In honor of my daughter’s—my only daughter’s—21st birthday, I recalled Dad and I watching Miss America pageants, NFL football, and movies during my youth. There were numerous lessons and impressions built into me just from spending leisure time together, and I suppose inadvertently those seemingly benign and idle moments somehow molded my character, expectations, and goals in life. The funny thing is that I also perceive the same mechanism guiding my own children.
Where are our youth’s role models of today? Do they hold the values that we cherished from times past? Dad and I (remember we were not Muslim at the time) used to carefully judge contestants from beauty pageants in the 60’s and 70’s. The young women became icons of scholarship, poise, physical perfection, aesthetic fashion style, and personality. I always noted height and weight, size of thighs, posture, and type of build in the swimsuit competitions. Evening gown competitions brought fantasy to life in my young mind, and we were not only critical of the talent performance, but what choice the contestants made to demonstrate talent. Would the contestant play concert piano, sing a song, dance ballet or to modern music, or would she play the harp? These choices reflected a certain pedigree that we perhaps also unconsciously evaluated to determine if the contestant was deserving of the title or just privileged. Typically, the Q&A often was the tie-breaker, as Dad and I pitched out our top 3 choices, and often we were in agreement with each other and in close alignment with the official judges.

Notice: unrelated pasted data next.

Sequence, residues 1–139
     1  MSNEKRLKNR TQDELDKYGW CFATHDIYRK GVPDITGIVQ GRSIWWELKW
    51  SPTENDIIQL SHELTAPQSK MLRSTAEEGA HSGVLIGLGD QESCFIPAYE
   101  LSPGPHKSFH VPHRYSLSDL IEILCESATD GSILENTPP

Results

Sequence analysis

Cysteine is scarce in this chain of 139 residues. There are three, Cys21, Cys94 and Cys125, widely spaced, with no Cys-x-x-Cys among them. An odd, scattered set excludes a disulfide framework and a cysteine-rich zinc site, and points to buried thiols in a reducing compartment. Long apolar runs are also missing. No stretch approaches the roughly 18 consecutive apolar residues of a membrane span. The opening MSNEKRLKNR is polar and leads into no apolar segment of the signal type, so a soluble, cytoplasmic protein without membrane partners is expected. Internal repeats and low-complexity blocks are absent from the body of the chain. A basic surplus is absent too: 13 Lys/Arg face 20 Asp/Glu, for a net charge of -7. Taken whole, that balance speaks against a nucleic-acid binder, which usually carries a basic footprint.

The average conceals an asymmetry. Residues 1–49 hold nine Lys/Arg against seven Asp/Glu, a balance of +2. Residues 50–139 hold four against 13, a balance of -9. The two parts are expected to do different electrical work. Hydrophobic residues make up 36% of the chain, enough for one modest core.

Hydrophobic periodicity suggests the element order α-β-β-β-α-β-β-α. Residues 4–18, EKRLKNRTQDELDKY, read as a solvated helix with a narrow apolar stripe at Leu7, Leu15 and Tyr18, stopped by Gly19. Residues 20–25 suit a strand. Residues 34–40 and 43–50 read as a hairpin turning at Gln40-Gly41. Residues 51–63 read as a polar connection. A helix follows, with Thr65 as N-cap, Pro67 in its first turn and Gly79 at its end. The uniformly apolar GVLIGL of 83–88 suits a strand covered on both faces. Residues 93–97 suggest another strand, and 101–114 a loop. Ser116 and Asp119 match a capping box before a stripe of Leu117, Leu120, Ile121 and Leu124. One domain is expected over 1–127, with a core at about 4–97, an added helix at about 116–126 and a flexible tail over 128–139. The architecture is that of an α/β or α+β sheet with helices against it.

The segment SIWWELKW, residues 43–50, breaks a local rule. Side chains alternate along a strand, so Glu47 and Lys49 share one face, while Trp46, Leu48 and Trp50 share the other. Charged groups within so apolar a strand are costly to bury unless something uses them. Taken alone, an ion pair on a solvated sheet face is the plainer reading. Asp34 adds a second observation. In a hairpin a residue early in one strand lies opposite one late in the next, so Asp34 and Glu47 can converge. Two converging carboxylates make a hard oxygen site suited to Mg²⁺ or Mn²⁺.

In spite of our loyal spectator status to the annual round of pageants, I never aspired to enter one myself nor condoned my own household to watch them when I became married and had my own kids.
Football with Dad typically favored rival teams to our Chicago Bears, like the Green Bay Packers and Minnesota Vikings. My youthful training in the rules, positions, and plays of pro football gave me knowledge of the sport that permitted entry to the bastion of college dorm spectatorship, where I could be readily conversant and expand my social network. Those were the days that inspired us with leadership by the “punky QB” Jim McMahon; outstanding feats of Sweetness AKA Walter Payton; the graceful athleticism of Willie Gault; the gladiator drive of Dan Hampton; and massive, lovable “Fridge” William Perry whose versatility kept the opponent guessing, especially surprising everyone with a couple touchdowns!
Coaches too were instructive characters demonstrating leadership styles with varying temperaments. Coach Ditka for the Bears was loud, often annoyed, and unabashedly driven to never be apologetic. Coach Vince Lombardi was disciplined, toughly aggressive, loyal to the essence of “winning is everything.” Then there was Bud Grant, who coached the Vikings using plenty of practice in cold weather to acclimate the team to raw difficulty, and valuing control of one’s emotions, as he led them over his career to four Super Bowls.